Here are some books I recommend on traditional diets and their effect on mood:

Nourishing Traditions by Sally Fallon

The Maker’s Diet by Jordan Rubin (This is similar to GAPS in that it is a gut-healing protocol. I affectionately call it, “GAPS lite” because it isn’t as intense as GAPS)

Gut and Psychology Syndrome by Dr. Natasha Campbell-McBride

These websites are also wonderful resources:

mommypotamus.com

GNOWFGLINS.com (GNOWFGLINS is an acronym for God’s Natural Organic Whole Foods Grown Locally and In Season) Wardee has some excellent videos and courses to get you started with real food.

undergroundwellness.com Tomorrow, Sean Croxton will be conducting a FREE seminar called How to Fix a Broken Brain: 4 Steps to Boosting Your Mood, Sharpening Your Mind, and Beating Fatigue Naturally. If you are interested, sign up at www.freebrainwebinar.com.

2) Acupuncture 

The jury is out as to whether acupuncture is actually effective on depression or whether it’s just a “placebo effect.” An article over at the Scientific American website noted that it is nearly impossible to set up controls to determine the full effects of acupuncture because “acupuncture is associated with a robust placebo effect—simply being seen and touched by a practitioner makes most people feel significantly better, which could make acupuncture seem more effective than it really is.”

According to this same article, there was a study done comparing electroacupuncture to Prozac:

A study published last fall in the Journal of Alternative and Complementary Medicinefound that electroacupuncture—in which a mild electric current is transmitted through the needles—was just as effective as fluoxetine (the generic name of Prozac) in reducing symptoms of depression. For six weeks, patients underwent either electroacupuncture five times weekly or a standard daily dose of fluoxetine…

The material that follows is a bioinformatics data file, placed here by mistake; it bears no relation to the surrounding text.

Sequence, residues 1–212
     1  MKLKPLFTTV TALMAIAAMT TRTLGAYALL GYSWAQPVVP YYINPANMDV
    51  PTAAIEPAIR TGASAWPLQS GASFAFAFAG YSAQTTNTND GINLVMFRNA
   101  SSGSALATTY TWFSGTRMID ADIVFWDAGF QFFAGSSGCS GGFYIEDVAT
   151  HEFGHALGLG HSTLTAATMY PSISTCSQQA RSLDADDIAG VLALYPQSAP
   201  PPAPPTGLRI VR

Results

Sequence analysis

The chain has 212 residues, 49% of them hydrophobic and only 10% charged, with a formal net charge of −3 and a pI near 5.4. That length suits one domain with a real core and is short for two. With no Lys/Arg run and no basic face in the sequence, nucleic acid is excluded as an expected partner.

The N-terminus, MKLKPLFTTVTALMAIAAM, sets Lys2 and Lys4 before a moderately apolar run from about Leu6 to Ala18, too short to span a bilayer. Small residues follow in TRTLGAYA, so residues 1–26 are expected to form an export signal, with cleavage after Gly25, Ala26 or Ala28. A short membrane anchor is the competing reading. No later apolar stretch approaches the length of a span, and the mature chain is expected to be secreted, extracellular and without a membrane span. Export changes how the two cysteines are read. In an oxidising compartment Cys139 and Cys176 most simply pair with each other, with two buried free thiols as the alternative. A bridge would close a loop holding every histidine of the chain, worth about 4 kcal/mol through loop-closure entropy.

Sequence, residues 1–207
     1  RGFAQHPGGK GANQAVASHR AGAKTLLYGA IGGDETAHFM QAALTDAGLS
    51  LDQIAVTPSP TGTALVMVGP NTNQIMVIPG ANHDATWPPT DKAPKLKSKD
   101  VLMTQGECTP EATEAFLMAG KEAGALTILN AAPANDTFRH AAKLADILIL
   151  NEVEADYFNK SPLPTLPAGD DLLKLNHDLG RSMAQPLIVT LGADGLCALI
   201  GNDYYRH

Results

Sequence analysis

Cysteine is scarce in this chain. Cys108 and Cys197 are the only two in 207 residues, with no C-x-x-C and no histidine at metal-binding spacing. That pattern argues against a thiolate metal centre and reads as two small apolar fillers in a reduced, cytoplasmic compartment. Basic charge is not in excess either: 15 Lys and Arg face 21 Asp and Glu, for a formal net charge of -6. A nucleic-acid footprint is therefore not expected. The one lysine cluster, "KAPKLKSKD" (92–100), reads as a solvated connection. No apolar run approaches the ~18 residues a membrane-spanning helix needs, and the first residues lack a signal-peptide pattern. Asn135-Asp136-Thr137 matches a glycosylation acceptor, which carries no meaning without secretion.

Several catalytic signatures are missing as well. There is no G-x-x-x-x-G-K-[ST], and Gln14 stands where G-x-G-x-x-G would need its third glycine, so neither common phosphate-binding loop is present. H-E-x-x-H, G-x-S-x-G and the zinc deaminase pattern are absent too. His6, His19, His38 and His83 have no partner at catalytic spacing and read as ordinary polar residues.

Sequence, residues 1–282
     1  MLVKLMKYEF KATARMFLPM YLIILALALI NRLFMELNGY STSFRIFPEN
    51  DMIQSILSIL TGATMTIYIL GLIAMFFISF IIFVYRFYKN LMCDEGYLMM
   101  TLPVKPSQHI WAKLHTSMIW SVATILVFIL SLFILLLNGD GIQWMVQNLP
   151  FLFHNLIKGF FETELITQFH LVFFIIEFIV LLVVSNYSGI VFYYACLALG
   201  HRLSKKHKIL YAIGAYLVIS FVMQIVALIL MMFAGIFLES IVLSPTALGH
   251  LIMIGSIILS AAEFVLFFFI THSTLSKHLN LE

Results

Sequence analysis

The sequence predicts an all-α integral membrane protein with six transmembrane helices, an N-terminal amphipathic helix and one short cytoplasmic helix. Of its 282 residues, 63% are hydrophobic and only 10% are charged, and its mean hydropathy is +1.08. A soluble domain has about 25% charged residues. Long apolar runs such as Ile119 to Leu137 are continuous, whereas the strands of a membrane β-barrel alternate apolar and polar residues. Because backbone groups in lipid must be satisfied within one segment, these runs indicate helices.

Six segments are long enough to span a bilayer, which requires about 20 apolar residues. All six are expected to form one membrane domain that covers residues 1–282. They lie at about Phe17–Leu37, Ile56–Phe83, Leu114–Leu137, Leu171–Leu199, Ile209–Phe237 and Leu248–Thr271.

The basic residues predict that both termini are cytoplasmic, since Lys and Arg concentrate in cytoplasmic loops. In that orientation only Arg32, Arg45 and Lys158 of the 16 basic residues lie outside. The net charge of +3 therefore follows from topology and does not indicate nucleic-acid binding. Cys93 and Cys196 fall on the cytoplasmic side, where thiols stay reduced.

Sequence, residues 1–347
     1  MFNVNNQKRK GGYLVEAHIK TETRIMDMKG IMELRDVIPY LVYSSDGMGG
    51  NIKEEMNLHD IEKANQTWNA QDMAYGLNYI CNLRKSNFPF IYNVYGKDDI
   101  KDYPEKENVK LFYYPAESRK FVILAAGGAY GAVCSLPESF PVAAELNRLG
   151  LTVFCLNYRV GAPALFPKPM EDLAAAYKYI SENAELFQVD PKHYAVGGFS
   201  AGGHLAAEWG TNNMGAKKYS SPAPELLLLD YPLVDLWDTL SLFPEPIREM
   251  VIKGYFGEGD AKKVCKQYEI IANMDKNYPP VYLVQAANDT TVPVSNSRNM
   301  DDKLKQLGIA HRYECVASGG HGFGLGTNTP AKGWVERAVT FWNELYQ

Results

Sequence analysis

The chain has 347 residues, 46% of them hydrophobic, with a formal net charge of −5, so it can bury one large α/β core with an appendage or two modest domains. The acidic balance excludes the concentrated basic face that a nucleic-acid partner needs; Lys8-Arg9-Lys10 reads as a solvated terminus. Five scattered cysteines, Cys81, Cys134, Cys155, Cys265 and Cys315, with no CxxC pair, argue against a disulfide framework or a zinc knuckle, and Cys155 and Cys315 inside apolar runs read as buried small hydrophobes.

After six weeks, both groups showed a similar improvement in symptoms, and both treatments restored GDNF to a normal concentration. But the acupuncture began to work faster, reducing symptoms more dramatically at weeks two and four than the drug did. Among the patients who got better, a higher percentage of the acupuncture recipients showed “great improvement.”

It’s one of those things you have to try for yourself, unfortunately. There is no definitive “proof.”

What I can share is how it has helped me. The acupuncturist that I visit runs a diffuser in the room with essential oils. She inquires about how I’m feeling and any other pains and then inserts pre-packaged sterile needles in the appropriate spots. Sometimes there will be herbs lit on fire briefly and then placed carefully on the skin. For about 30-45 minutes, I lay in a quiet room with the needles in place. I typically use that quiet time to rest my mind, sleep and/or pray. It’s enforced quiet and meditation time. You aren’t going to be moving around or using your phone. Just enjoy the quiet… besides, I don’t care to move around with those needles in me. After the treatment, I get pods placed in my ears that look like little round band-aids. They contain a barely-visible needle that puts pressure on necessary points until the next appointment. I usually end an appointment feeling completely relaxed and peaceful.

3) Homeopathy